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Researchers identify an early neuronal dysfunction in Parkinson’s that could help early diagnosis

From left to right, Àngel Raya, Antonella Consiglio and Jordi Soriano.

From left to right, Àngel Raya, Antonella Consiglio and Jordi Soriano.

The lecturer Antonella Consiglio with the article's coauthors Lucas Blasco-Agell, Irene Fernández-Carasa, Meritxell Pons-Espinal and Valentina Baruffi (right to left).

The lecturer Antonella Consiglio with the article's coauthors Lucas Blasco-Agell, Irene Fernández-Carasa, Meritxell Pons-Espinal and Valentina Baruffi (right to left).

Schematic of the experimental design for investigating the emergence of functional alterations in dopaminergic neurons obtained from PD patient-specific iPSC. Image: Veronika Mertens

Schematic of the experimental design for investigating the emergence of functional alterations in dopaminergic neurons obtained from PD patient-specific iPSC. Image: Veronika Mertens

07/07/2021

Recerca

Parkinson’s is a neurodegenerative disease characterized by the loss of dopaminergic neurons, a process involving motor manifestations such as tremors, rigidity, slow movements, and postural instability. Although in many cases the cause of the disease is still unknown, mutations in the LRRK2 gene are responsible for 5% of the cases.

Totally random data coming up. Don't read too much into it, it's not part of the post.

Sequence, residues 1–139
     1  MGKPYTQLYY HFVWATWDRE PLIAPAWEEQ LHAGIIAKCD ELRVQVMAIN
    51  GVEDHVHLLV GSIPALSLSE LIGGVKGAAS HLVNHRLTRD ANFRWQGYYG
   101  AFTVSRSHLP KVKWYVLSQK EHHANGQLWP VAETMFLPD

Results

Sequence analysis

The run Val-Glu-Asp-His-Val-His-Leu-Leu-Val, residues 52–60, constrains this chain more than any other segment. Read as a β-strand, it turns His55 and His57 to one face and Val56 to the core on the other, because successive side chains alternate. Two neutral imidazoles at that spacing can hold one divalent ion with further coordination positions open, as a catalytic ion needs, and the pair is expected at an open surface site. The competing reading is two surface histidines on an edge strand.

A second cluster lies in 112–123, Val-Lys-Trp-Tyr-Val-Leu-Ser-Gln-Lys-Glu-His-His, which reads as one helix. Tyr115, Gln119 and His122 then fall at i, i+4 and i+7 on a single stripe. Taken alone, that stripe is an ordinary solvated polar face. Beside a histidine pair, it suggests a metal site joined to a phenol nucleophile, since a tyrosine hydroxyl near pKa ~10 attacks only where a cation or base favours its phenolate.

Current therapies against Parkinson’s are focused on alleviating the symptoms of the disease but they do not stop its progression. Professionals think about early interventions –before the first symptoms appear– that stop neuronal loss could slow down or even stop the evolution of the disease. However, the diagnosis is based on the appearance of symptoms, that is, when 70% of the neurons are already lost. A team of the UB and IDIBELL identified early functional deficiencies –prior to the neuronal loss– in neurons derived from patients with genetic Parkinson’s.

The study, published in the journal npj Parkinson’s Disease, is led by Antonella Consiglio, researcher at the Faculty of Medicine and Health Sciences of the University of Barcelona, the Institute of Biomedicine of the UB (IBUB) and the Bellvitge Biomedical Research Institute (IDIBELL); Àngel Raya, coordinator of the program on Regenerative Medicine at IDIBELL and ICREA researcher, and Jordi Soriano, lecturer at the Faculty of Physics and member of the Institute of Complex Systems (UBICS) of the UB.

According to the lecturer Antonella Consiglio, head of the research group at IDIBELL and ICREA Academia researcher, “these findings shed light on an early diagnosis, which enables us to make a premature intervention to stop neuronal loss, and therefore, to stop the evolution of the disease”.

In the study, carried out in collaboration with other national and international institutions, researchers used dopaminergic neurons –the most vulnerable in Parkinson’s– as a model, differenced from stem cells (iPSC) of healthy individuals and patients with genetic Parkinson’s. According to the conclusions, these dopaminergic neurons are able to mature and form functional neuronal networks in culture under control conditions and in the case of Parkinson’s disease.

 

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